Jonathan Blow is the Most Pretentious Man on Earth

Jonathan Blow is the Most Pretentious Man on Earth

I kind of liked Braid. It didn’t deserve all the ridiculous hyperbole surrounding it but it was not bad. It had some cool puzzle mechanics and the art was interesting. However, the alleged message it presented was horribly implemented through (mercifully skippable) infodumps near the end of the game, much like Chrono Cross or one of the Matrix sequels. That’s just sloppy storytelling and I would have liked Braid better if it had ditched the story entirely and just been a rad puzzle game like it obviously wanted to be.

Braid is intrinsically linked with its creator, Jonathan Blow. Speaking as someone with a name like a Phoenix Wright character, I’m not going to make fun of his surname. It’s his personality that has earned mockery.

If you don’t hate the man behind Braid already, you will after reading this.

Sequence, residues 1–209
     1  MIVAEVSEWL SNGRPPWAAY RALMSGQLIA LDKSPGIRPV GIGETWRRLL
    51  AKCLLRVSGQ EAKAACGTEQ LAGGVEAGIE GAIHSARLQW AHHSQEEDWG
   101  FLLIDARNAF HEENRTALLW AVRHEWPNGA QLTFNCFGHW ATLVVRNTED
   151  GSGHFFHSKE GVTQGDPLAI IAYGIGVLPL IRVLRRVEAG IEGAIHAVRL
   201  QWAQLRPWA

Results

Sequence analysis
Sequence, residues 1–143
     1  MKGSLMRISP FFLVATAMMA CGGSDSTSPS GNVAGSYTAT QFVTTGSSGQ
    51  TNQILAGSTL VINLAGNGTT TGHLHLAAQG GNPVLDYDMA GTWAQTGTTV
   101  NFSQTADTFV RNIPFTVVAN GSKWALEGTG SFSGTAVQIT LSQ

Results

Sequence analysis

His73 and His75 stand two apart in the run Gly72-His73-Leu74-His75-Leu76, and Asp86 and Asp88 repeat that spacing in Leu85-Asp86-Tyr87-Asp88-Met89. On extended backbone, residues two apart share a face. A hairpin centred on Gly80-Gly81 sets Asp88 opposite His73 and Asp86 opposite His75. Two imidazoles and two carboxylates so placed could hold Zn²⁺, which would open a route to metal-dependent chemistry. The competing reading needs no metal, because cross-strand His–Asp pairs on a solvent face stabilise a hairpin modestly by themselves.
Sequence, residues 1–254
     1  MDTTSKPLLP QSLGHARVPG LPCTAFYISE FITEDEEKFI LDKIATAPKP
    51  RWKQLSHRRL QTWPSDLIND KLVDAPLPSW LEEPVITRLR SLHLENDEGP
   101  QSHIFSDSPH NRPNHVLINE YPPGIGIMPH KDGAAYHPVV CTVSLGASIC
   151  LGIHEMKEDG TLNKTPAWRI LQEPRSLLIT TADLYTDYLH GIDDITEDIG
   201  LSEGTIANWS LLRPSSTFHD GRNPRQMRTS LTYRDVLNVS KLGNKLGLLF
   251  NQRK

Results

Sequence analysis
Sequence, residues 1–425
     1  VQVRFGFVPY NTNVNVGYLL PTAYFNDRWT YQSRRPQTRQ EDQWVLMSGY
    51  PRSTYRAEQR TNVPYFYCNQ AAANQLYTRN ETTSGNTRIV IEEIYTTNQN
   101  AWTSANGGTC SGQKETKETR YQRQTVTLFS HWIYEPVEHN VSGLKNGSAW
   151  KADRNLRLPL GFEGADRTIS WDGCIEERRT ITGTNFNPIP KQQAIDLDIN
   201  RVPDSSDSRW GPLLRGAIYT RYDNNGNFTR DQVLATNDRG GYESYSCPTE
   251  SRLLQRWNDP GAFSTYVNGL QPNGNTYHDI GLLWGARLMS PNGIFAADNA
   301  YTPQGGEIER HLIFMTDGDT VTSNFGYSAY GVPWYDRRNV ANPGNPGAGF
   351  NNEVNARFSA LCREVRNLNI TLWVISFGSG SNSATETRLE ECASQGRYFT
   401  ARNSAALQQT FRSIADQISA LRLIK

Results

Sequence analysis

“Blow is the only developer on the planet who gives lectures with titles like ‘Video Games and the Human Condition.’”

Is this serious? Go to any English classroom or gaming blog and you won’t be able to swing a dead cat without hitting someone who thinks they have the secret video games decoder ring to unlocking the meaning of life. The fact that Blow actually made a game instead of just pontificating is a mark in his favor, but that doesn’t make him some sort of visionary because he thinks that throwing loads of text at in your game equals brilliant subtext. So he thought he could make a better version of Blinx: The Time Sweeper; good for him. But his game is not unique in any fashion, and his upcoming game WitMyst doesn’t look like it’ll innovate anything, either.

I like how every article about Braid can be broken down to “games are dumb, so Braid must be smart.” I guess Portal doesn’t count as a game that has a story, makes you think, and has engaging puzzles. These interviewers are acting like Braid sprouted fully-formed from Blow’s forehead without any outside influence.